Low-light shots were also relatively impressive though of course detail is not as well defined as during the day. You can get usable shots as long as there’s a little lighting around, whether indoors or out. The night mode does make a considerable difference and you don’t have to stand still too long. Using this brightens frames and shows details that would have been lost in the shadows.
You can take portrait selfies and adjust a virtual aperture to vary the intensity of the depth effect. Edge detection is quite good too. However, the overall quality of photo taken with the front camera isn’t as impressive as we would have liked. Backgrounds were overblown in the daytime and details looked a bit artificial. It also takes too many taps and swipes to disable the default beautification.
As for video, we liked what the Poco X2 managed to capture in the daytime when recording at 1920×1080. Video was crisp with smooth motion tracking and reasonable stabilisation. Sadly, when we switched to 4K, colours became over exaggerated and there was a warm cast to the clips we recorded. At night, even mild motion caused severe shimmer and motion was quite jerky. Objects weren’t clearly discernible and bright lights caused exposure issues. 4K video shot at night was barely usable.
Offering high-end specifications at rock-bottom prices is the simplest way to succeed in the Indian market, and Xiaomi has been one of the biggest forces here for years now. The Chinese giant constantly pushes out new models that raise the bar in terms of value, whether the focus is on style, battery life, cameras, specifications, or attention-grabbing features.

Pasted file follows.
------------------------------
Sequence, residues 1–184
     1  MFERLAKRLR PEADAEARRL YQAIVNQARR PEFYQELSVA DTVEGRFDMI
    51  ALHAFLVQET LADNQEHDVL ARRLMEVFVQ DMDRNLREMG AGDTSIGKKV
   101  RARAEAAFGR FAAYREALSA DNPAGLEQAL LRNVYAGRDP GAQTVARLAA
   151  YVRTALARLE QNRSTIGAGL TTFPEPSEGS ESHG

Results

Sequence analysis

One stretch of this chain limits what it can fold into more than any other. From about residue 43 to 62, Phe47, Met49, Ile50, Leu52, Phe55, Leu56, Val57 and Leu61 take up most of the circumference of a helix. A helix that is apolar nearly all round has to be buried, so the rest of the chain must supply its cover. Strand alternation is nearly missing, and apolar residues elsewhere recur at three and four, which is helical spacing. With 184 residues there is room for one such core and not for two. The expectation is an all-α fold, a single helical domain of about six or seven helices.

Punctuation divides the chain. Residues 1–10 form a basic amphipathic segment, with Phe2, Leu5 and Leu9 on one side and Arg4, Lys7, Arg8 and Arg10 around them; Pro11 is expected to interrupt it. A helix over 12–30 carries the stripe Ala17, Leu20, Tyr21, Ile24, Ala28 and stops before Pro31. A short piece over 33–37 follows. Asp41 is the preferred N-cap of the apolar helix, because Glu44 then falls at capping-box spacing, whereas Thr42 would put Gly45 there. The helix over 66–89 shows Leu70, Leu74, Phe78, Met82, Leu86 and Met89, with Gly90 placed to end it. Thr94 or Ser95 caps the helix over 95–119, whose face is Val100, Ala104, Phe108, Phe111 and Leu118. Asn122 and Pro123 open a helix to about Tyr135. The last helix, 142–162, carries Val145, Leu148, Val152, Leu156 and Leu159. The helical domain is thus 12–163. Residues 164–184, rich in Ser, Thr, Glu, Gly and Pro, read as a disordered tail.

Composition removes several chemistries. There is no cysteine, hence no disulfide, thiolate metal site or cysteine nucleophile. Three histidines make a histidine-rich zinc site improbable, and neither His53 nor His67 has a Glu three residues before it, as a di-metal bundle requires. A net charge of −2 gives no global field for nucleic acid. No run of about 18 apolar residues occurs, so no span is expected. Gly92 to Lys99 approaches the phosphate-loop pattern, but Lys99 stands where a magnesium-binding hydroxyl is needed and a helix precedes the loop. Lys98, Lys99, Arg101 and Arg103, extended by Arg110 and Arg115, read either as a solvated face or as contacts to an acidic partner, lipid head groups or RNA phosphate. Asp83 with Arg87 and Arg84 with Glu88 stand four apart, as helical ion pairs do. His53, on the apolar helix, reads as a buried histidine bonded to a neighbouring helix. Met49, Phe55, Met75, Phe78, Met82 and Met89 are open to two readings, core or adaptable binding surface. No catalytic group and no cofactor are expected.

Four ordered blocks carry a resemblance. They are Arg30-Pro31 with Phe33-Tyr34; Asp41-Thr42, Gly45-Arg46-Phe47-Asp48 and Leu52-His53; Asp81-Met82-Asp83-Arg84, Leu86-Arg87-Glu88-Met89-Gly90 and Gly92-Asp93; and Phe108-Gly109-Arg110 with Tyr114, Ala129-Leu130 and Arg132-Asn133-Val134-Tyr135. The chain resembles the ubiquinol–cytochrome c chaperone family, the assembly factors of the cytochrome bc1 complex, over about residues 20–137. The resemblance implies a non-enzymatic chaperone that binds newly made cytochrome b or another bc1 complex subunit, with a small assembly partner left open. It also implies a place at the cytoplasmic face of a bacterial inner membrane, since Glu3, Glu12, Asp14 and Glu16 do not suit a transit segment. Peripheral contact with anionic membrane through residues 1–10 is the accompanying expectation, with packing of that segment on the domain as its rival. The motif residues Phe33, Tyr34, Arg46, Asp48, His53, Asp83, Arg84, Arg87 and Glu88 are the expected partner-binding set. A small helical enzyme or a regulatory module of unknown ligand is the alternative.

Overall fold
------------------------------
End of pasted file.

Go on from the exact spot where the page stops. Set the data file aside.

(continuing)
While the Poco X2 doesn’t have quite the impact that the Poco F1 did, it still does everything it needs to, and pricing is its main advantage. The Realme X2 (Review) and Redmi K20 (Review) have dominated the sub-Rs. 20,000 market of late and many recent models, such as the Oppo F15 (Review) and Vivo S1 Pro (Review) have simply not been able to match them in terms of power and features. Now, the Poco X2 makes all of them look a little worse in comparison.
The processor, RAM, storage, battery, and cameras are all strong, and there’s nothing to complain about in terms of build quality or the included accessories. We do, however, wish that the UI eased up on the bloatware and nagging notifications much more, and frankly the rear of the Poco X2 is a little too garish for our taste. Some people will also struggle with the sheer size of this device.
If cost is your main motivator, then the Poco X2 is the new obvious choice in its segment. That doesn’t mean that it’s a clear winner over the Realme X2 though, especially if you can find it at a discount, or if flash sales make the Poco X2 difficult to buy. If you’re undecided between these two models, you can expect a head-to-head comparison coming up very soon.